I awoke this morning from a dream in which I was having a meal in the Walnut Room at Marshall Field’s State Street store in Chicago. The Walnut Room still exists but Field’s doesn’t, which makes me sad.
It was a very large table where I sat in the Walnut Room, accommodating 10 or 12 hungry shoppers. The specialty of the house seemed to be a large, baked apple pancake. I was aware in the dream, but not disturbed, that Marshall Field’s was not known for baked apple pancakes. I was aware, though not disturbed, that the apple pancakes being served in the Walnut Room were very much like those that are the specialty at Walker Bros. in Wilmette, Illinois.
The format was Benihana-ish, in that the ladies who served these baked apple pancakes would bring them to the table, chop them up with great flair, spray some canned whipped cream onto a portion, and then flip your portion onto your plate from a couple of feet away. In my case the server’s aim was off, my portion of Walker Bros.-ish apple pancake landing on the rim of my plate. Half of it blopped onto the tablecloth, with some of the canned whipped cream splashing across the plate toward my lap.
The situation annoyed me, and as I watched servers chopping apple pancakes, spraying canned whipped cream on them, and flipping portions onto hungry diners’ plates, I woke up.
I suppose now that I’ll need to make a baked apple pancake. And here is a recipe for such a thing, as appeared in the Chicago Tribune, in an article by Steven Katz about Walker Bros., on Jan. 10, 2007:
Classic baked German apple pancake
In restaurants, the classic German apple pancake is prepared in an 8-inch non-stick skillet with sloped sides and a 3-cup capacity. Although trade secrets are involved, writer Steve Katz figured out that the baking requires two steps: Allow the pancake batter to “set up” by baking it 30 minutes at 250 degrees, then “fire up” the pancake 15 minutes at 450 degrees–and watch it rise dramatically. It will rise better if you use the wheat gluten, which is available in some supermarkets and health food markets.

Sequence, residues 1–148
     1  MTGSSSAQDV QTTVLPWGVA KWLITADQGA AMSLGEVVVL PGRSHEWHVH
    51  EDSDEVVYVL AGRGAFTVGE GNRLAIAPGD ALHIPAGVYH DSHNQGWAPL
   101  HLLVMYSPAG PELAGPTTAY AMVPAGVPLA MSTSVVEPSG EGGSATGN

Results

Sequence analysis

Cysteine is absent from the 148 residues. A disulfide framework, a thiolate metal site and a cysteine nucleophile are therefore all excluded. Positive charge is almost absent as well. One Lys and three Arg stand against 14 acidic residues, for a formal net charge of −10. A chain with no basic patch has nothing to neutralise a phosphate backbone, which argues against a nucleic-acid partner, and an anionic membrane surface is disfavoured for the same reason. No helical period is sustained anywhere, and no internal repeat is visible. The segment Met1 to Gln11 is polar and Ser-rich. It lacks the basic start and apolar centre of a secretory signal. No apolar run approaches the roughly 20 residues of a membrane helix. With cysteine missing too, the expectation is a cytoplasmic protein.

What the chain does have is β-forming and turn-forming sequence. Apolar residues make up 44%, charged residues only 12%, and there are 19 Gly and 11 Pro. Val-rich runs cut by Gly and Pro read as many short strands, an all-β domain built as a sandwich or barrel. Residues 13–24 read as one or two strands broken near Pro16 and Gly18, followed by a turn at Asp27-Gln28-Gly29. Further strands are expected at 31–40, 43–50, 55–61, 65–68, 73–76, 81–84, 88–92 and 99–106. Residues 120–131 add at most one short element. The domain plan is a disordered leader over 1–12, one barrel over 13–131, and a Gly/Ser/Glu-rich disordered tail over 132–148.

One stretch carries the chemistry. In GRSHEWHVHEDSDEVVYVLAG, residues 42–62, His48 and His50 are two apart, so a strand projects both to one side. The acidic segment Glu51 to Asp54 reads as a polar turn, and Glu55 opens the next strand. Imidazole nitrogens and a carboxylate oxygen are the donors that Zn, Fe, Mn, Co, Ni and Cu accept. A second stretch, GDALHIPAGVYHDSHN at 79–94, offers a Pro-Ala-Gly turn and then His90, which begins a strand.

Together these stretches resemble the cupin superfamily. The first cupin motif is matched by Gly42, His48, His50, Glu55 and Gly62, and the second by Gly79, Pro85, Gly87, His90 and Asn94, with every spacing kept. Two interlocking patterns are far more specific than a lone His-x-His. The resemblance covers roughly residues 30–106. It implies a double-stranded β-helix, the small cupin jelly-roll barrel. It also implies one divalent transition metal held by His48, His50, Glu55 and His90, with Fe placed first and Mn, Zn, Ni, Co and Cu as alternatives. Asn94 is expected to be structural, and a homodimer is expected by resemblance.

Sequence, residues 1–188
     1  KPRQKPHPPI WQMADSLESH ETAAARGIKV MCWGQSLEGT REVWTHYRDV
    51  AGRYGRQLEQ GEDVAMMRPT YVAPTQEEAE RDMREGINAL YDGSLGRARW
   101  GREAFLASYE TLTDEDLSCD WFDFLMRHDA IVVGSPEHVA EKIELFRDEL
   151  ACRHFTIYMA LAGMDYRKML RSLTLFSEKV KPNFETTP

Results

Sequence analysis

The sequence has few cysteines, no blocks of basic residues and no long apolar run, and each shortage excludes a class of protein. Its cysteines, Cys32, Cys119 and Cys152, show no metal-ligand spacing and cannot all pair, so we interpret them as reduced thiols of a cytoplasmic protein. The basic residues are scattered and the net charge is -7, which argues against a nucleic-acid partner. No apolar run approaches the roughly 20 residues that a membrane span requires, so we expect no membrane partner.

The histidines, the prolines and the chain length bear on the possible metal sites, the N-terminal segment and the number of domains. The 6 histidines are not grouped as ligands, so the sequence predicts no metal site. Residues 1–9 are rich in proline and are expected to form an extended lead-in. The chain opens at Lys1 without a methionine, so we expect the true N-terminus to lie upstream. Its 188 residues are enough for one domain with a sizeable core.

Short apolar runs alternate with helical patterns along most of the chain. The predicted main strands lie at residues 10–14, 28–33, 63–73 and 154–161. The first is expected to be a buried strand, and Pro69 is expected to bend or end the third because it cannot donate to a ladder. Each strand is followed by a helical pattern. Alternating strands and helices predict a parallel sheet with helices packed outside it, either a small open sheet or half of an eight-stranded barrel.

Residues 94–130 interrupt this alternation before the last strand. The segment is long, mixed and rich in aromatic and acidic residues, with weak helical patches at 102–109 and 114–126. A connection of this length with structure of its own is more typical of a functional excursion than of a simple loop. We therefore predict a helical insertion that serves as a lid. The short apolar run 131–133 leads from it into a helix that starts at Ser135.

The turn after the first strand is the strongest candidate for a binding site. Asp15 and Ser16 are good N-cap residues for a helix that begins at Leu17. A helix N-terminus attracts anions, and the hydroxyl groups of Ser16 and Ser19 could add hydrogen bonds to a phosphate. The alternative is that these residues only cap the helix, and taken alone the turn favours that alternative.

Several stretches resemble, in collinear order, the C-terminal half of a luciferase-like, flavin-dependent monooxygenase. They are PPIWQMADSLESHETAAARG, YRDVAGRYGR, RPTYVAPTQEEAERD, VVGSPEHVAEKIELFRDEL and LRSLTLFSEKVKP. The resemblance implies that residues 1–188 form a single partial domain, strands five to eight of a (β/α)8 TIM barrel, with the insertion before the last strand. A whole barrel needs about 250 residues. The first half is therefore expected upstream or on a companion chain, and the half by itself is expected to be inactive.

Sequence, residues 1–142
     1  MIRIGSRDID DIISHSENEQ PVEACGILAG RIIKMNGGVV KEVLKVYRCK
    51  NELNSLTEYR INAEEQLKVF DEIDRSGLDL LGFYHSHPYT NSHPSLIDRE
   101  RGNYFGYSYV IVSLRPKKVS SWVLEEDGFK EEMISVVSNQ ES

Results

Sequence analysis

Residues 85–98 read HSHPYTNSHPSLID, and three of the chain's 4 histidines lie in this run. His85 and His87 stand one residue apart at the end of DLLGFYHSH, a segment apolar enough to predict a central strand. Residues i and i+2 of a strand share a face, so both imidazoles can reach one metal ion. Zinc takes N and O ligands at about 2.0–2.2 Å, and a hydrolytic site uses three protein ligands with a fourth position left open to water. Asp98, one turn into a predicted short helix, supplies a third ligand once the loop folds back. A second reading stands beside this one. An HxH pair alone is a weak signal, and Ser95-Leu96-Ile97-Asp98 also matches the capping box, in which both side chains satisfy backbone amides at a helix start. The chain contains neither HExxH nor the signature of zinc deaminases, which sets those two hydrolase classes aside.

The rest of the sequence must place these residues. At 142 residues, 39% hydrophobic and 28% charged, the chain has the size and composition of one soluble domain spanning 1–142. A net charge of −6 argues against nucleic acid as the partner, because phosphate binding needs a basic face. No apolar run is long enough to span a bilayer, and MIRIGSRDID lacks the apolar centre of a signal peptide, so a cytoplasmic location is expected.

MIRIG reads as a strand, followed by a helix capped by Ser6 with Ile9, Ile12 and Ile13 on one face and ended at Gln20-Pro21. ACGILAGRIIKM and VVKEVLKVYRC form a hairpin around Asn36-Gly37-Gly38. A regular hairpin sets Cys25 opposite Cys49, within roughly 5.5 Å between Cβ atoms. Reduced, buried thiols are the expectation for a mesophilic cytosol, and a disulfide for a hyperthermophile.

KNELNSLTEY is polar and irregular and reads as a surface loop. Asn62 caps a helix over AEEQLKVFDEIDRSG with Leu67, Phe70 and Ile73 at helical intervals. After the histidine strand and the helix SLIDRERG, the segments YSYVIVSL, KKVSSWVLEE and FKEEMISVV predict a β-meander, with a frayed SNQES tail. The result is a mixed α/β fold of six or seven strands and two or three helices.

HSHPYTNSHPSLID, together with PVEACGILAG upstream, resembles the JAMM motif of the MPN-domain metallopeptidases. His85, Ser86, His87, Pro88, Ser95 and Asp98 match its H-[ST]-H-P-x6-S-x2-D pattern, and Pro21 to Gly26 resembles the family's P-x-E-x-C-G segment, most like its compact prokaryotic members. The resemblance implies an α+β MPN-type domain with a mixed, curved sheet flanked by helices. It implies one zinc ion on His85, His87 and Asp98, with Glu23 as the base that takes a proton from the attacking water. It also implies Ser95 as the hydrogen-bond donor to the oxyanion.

1/2 cup non-fat milk
2 tablespoons whipping cream
3/4 cup bread flour
1 1/2 teaspoons wheat gluten, optional
1 tablespoon confectioners’ sugar
1/4 teaspoon salt
1/8 teaspoon nutmeg
Apples and cinnamon sugar:
3 tablespoons plus 1 1/2 teaspoons unsalted butter
2 Granny Smith apples, peeled, cored, cut into
3 tablespoons plus 2 teaspoons dark brown sugar
2 tablespoons plus 1 1/2 teaspoons superfine sugar
2 3/4 teaspoons ground cinnamon
1/4 teaspoon plus 1/8 teaspoon cornstarch
Beat eggs until foamy with an electric mixer (with the whisk attachment, if you have one) on medium speed; add milk and cream, beating until well blended. Sift flour, gluten, confectioners’ sugar, salt and nutmeg together in a medium bowl. Gradually add flour mixture to egg mixture, beating on low speed, until well blended, about 2 minutes. Set aside 15 minutes.
Meanwhile, heat oven to 300 degrees. Melt 1 tablespoon of the butter in an 8-inch non-stick oven-safe skillet over medium heat; add apple slices. Cook, turning occasionally, until apples begin to soften but not brown, about 4 minutes; transfer to a bowl.
Stir together the brown sugar, superfine sugar and cinnamon in a small bowl. Sift the cornstarch into the mix; blend thoroughly with a fork. Melt remaining 2 tablespoons plus 1 1/2 teaspoons of the butter in a small saucepan. Slowly pour butter into the cinnamon-sugar mixture, stirring with a fork until it resembles a streusel like topping; spread the mixture over the bottom of the skillet. Layer apples (without piling up in the middle) over the sugar mixture to cover the bottom of the skillet.
Pour the batter over the apples. Place skillet in oven; reduce heat to 250 degrees. Bake 30 minutes. Remove from oven; cover with foil to keep warm. Increase oven heat to 500 degrees. Lower heat to 450 degrees. Return pancake to oven; bake until pancake puffs and edges begin to brown, 12-15 minutes. Remove pan from oven, carefully invert pan onto a platter or plate.